He is doing this because he is the one with the opportunity to do so. And he is doing so to help those without the opportunities he has and has had. You did not invent the computer or internet, you are using someone else’s hard work, every technology you use is likely not anything you had any hand in creating. You are arguing that no one should share their hard work so the person who invented the computer should have simply kept it to himself correct?

We should all just be left to fend for ourselves is what you are arguing for but by that logic you would not have a computer unless you could build one yourself and without any starting materials as no one is going to share a single thing with you, material or knowledge, by your logic no one should give up anything they worked to create. Oh but you say it is different because you paid for your computer right? Paid for how? With money you earned working a job? In other words money you earned via the mere fact you had the opportunity to be born in a place with access to a paying job and without any disabilities to performing that job.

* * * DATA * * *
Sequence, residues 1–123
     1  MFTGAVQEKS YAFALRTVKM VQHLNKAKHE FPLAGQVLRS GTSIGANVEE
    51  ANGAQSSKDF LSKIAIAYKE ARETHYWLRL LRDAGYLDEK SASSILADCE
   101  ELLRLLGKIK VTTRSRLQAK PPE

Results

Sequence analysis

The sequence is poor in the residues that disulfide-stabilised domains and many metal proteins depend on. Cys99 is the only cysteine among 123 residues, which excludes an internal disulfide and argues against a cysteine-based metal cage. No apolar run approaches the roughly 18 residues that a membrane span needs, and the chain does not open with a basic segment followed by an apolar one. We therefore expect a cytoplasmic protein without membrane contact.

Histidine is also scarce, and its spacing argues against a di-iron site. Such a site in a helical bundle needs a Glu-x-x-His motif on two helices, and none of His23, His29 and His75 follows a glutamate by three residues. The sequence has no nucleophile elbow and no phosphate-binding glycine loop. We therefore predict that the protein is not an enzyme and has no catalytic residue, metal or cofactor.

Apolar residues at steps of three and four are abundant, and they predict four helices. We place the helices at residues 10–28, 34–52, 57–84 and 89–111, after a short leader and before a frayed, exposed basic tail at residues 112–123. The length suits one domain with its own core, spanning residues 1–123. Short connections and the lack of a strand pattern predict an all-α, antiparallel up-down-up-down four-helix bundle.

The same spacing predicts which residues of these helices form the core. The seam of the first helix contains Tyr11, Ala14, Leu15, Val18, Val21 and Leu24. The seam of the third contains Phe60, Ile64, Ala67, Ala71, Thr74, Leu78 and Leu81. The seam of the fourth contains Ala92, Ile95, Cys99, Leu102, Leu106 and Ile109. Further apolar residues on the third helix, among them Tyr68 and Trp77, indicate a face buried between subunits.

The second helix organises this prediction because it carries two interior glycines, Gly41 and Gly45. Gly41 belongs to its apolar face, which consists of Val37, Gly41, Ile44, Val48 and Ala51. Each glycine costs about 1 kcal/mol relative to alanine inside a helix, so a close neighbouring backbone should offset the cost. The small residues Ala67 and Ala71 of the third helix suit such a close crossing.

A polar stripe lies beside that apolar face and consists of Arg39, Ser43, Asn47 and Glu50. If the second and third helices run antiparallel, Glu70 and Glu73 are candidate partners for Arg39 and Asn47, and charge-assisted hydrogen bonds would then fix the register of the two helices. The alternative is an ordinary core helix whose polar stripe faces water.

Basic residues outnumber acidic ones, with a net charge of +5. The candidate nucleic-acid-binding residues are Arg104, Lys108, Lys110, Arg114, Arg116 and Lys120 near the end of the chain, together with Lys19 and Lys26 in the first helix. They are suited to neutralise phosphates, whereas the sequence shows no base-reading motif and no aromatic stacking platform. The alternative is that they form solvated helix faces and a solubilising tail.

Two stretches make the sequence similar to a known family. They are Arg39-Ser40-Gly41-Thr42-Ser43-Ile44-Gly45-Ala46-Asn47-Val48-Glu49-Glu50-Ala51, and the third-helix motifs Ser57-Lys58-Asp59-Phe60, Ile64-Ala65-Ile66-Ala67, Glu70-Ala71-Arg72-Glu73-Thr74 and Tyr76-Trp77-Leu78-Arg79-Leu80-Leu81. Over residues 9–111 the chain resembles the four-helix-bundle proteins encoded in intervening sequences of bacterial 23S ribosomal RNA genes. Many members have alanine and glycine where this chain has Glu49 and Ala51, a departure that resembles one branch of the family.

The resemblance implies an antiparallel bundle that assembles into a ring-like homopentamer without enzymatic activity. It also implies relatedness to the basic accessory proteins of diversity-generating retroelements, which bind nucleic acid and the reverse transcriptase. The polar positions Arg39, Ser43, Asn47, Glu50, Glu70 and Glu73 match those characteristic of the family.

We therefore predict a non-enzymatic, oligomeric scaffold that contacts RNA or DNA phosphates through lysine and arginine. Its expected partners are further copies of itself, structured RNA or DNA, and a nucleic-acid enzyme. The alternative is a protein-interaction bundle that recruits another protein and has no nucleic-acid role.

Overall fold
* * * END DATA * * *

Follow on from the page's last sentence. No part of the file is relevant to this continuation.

Lucky you. Not everyone has those opportunities thus not everyone can afford not just a computer but even the basic things necessary for survival like food and shelter. He is arguing that everyone should have the opportunity to do what they want not just what they need to do to survive.

Example, if you are living on the street it is very hard to take the time to find a job when all your time is spent finding food for the day or a place to sleep for the night and how do you even get to a job interview with no transportation? Again you can’t just hop on the bus because you need to find something to eat first you haven’t eaten in 24 hours and the last thing you ate was scraps from the garbage, you need to find more not sit around on a bus and in a job interview and besides you were digging in the trash who is going to hire you when you smell and look like garbage? You would need to clean up first but then you don’t have any time for that cause oh you found some food but you still need to find a place to sleep for the night.